Former Amazon Prime Now Delivery Drivers Sue Amazon

Former Amazon Prime Now Delivery Drivers Sue Amazon

Four former Amazon Prime Now delivery drivers in Orange County, California have sued Amazon seeking back wages and other restitution and hope that the suit will be granted class action status.

Amazon is not the only target

The employees who have sued Amazon have also filed suit against the courier company Scoobeez and its parent company ABT Holdings.

Fund Manager Profile: Kris Sidial Of Tail Risk Fund Ambrus Group

invest Southpoint CapitalA decade ago, no one talked about tail risk hedge funds, which were a minuscule niche of the market. However, today many large investors, including pension funds and other institutions, have mandates that require the inclusion of tail risk protection. In a recent interview with ValueWalk, Kris Sidial of tail risk fund Ambrus Group, a Read More

Scoobeez effectively works exclusively for Amazon leading the former employees to believe that they should be considered employees of Amazon and it’s Prime Now delivery service. Prime Now has an annual membership fee of $99 and offers one-hour and two-hour delivery to members in around 15 metropolitan areas. The lawsuit was filed in Los Angeles County Superior Court on Tuesday.

The suit brings numerous allegations against Amazon.

“Defendants schedule plaintiffs to work regular shifts, pay them by the hour, and assign packages for plaintiffs to deliver to Amazon Prime Now customers who place orders for one- to two-hour delivery of all manner of consumer goods using the Amazon Prime Now mobile application,” the complaint reads. “Plaintiffs perform their delivery duties wearing a uniform that identifies them to customers as representatives of Amazon Prime Now. Despite these and other clear indicia that plaintiffs are and were defendants’ employees, defendants have classified them as ‘independent contractors’ and, in so doing, have denied them the benefits and protections of California employment law.”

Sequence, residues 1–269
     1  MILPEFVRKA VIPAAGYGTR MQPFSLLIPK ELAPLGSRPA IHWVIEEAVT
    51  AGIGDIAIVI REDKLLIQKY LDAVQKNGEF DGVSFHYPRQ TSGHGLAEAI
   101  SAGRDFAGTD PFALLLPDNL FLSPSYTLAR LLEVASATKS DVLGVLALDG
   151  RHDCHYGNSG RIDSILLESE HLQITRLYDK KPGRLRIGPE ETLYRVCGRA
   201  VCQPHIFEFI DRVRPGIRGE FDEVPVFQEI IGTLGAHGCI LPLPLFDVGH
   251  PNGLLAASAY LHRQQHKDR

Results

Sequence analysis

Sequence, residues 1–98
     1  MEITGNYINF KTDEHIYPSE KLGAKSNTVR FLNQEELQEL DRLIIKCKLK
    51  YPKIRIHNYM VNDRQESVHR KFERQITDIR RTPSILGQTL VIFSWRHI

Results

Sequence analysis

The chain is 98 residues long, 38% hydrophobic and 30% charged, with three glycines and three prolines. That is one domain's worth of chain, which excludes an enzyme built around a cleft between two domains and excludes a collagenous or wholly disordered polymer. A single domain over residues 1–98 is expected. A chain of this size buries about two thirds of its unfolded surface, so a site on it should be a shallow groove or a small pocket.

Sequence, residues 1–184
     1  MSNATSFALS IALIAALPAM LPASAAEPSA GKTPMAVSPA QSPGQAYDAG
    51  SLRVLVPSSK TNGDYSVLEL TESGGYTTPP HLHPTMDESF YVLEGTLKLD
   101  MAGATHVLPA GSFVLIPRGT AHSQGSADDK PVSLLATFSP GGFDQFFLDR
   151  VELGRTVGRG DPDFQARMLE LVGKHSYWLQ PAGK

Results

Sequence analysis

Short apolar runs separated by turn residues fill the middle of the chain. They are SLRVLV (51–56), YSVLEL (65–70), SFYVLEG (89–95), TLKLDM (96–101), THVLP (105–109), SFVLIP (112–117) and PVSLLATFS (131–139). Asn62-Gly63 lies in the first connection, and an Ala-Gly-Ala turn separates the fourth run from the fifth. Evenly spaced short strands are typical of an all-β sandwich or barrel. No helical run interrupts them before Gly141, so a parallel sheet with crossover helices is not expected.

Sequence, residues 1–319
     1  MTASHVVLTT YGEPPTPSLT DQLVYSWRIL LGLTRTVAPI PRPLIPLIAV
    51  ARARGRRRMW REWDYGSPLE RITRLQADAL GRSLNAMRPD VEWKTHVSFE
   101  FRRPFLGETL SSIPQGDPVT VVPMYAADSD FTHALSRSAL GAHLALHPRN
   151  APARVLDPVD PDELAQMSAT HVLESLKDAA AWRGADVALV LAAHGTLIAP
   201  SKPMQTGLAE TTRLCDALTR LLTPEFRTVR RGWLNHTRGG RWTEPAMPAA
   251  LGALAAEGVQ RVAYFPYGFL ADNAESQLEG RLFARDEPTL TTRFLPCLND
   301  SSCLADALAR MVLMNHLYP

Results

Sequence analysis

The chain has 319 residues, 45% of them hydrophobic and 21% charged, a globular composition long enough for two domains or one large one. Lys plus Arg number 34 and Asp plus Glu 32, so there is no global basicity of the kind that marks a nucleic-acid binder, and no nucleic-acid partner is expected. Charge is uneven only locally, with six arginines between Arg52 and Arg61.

Additional complaints against Amazon in the suit

The lawsuit claims, “The workers used their own cars to make deliveries, and they had to pay for their own fuel, insurance, maintenance, tolls, or other vehicle expenses. The out-of-pocket costs were too steep for the drivers.”

As well, the complaint reads, “The plaintiffs should have received employees’ benefits, since they couldn’t refuse or pick deliveries, were required to wear official uniforms and were expected to work regular shifts for six to seven days a week. Those benefits include overtime pay, lunch breaks and paid leaves, among others.”

The Leonard Carder law firm is representing the workers with Beth A. Ross as leading council. Ms. Ross previously reached a $227 million settlement in a similar case with Federal Express and their FedEx Ground service.

Will Uber be next after Amazon?

Uber has made a lot of money off the hard work of its on-demand drivers by hiring them as independent contractors. If Uber was forced to reclassify its drivers as employees, the costs would be astronomical. In California alone where the Amazon suit was filed, we’re talking about hundreds of millions of dollars in benefits.

Source: CNBC

While studying economics, Brendan found himself comfortably falling down the rabbit hole of restaurant work, ultimately opening a consulting business and working as a private wine buyer. On a whim, he moved to China, and in his first week following a triumphant pub quiz victory, he found himself bleeding on the floor based on his arrogance. The same man who put him there offered him a job lecturing for the University of Wales in various sister universities throughout the Middle Kingdom. While primarily lecturing in descriptive and comparative statistics, Brendan simultaneously earned an Msc in Banking and International Finance from the University of Wales-Bangor. He's presently doing something he hates, respecting French people. Well, two, his wife and her mother in the lovely town of Antigua, Guatemala. <i>To contact Brendan or give him an exclusive, please contact him at [email protected]</i>
Previous article Climate Risks To The Financial System Could Be Systemic
Next article Valeant Falls Deeper; Citron Says Stock has Better Chance Going Zero

No posts to display